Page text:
One of the most depressing experiences that I have had in the House was serving on the Select Committee on Social Security in the mid-1990s and investigating the Maxwell pension fund. Robert Maxwell appeared to be on a permanent holiday as far as pension contributions were concerned. Like all permanent holidays, it disappeared, taking the funds with it. My hon. Friend is absolutely right that inequity in the running of pension funds is crucial. I realise that things have moved on a lot since then, but there are still reasons for concern.
To quote some statistics on the current scale of pensioner poverty in Britain, the number of people living in severe poverty-on less than 40 per cent. of the median population income-has increased by 600,000. The incomes of the poorest quarter of pensioner households rose by less than 1 per cent. last year, and the real incomes of the poorest single pensioners dropped by 4 per cent. At least 15 per cent. of pensioners, or more than 1.5 million people, live in persistent poverty, having lived on less than 60 per cent. of the median population income for three of the last four years. We have to recognise that there are significant pockets of pensioner poverty and deprivation.
As a proportion of average working pay, the state pension in Greece is the highest in Europe at 95.7 per cent. and that in the UK is among the lowest at 30.8 per cent. Those are headline figures that do not necessarily include other sources of income from state benefits, but one can see the scale of the issue and the effectiveness and efficiency of a non-means-tested, high-value state pension, compared with any other form of benefit. I think everyone now recognises that means-tested benefits tend to end up with low take-up and with a lot of people missing out.
There are two huge areas of even worse poverty. The hon. Member for East Dunbartonshire rightly drew attention to the problem of the general low level of pensioner income among women. As a union organiser in the 1970s and 1980s, most of the members I represented were women working part time in school meal or school cleaning jobs. Unfortunately-I say unfortunately because of the consequences-they were offered the right to pay a lower rate of national insurance contributions. Understandably, offered the choice between paying A or B, where B is lower than A, most people chose to pay B without much thought for the long-term consequence of smaller pensions. That was a main contributory factor to poverty.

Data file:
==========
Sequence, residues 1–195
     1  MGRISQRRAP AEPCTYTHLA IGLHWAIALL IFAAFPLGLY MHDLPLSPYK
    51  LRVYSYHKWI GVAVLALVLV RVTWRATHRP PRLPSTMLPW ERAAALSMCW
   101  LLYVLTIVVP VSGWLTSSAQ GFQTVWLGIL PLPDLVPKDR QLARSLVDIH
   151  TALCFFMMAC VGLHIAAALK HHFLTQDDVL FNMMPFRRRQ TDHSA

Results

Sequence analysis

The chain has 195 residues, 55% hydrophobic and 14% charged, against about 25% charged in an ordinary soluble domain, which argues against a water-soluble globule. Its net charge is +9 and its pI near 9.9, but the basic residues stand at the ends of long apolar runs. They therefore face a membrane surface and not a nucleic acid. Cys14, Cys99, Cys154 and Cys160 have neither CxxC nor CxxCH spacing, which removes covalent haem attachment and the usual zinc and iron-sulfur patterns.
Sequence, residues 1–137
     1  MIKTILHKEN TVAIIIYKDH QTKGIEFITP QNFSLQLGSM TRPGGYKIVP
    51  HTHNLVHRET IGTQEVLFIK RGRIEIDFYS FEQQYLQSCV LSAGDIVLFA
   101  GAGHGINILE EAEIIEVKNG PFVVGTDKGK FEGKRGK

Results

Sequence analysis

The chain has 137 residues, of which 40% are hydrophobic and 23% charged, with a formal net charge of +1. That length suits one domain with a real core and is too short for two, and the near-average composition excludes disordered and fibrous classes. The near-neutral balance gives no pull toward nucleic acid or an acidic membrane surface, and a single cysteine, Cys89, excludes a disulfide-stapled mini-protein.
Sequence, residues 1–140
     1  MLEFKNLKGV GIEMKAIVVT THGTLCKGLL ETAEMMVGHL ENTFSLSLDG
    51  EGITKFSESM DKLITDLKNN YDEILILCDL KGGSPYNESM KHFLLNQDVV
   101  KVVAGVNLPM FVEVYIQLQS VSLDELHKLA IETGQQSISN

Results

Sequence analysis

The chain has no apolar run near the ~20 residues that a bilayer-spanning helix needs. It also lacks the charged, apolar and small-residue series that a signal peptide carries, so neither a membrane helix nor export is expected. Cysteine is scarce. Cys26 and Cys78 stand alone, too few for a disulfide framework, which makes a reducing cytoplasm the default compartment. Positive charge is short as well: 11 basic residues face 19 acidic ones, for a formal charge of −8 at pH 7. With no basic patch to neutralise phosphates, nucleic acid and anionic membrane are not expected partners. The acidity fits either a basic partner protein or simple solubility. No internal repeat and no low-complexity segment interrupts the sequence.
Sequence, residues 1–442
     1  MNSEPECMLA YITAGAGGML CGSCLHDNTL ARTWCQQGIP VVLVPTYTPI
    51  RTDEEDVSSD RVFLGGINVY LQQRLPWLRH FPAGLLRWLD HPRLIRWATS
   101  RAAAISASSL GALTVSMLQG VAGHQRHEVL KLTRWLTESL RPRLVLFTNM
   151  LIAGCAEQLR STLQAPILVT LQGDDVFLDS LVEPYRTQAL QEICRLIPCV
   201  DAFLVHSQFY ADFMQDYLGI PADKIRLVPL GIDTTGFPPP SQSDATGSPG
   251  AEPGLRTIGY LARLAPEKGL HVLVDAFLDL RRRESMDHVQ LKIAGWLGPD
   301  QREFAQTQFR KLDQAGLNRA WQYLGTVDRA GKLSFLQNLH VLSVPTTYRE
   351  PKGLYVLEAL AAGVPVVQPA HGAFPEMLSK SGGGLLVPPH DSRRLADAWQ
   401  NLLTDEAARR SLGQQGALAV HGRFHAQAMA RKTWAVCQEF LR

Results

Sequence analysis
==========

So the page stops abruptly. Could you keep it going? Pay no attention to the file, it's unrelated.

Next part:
Another major contributory factor was the lack of job security for many women workers. Most men at the time tended to be in occupational pension schemes, whereas women did not. That was what the Barbara Castle legislation tried to fix and what the Conservative Government of the 1980s tried to destroy. The median income for women on retirement is only 57 per cent. of that of men. Only 30 per cent. of women who reach state pension age are entitled to a full basic state pension, compared with 85 per cent. of men. One in five single women pensioners risk being in poverty in retirement. Almost 63 per cent. of divorced and separated older women have no private pension income.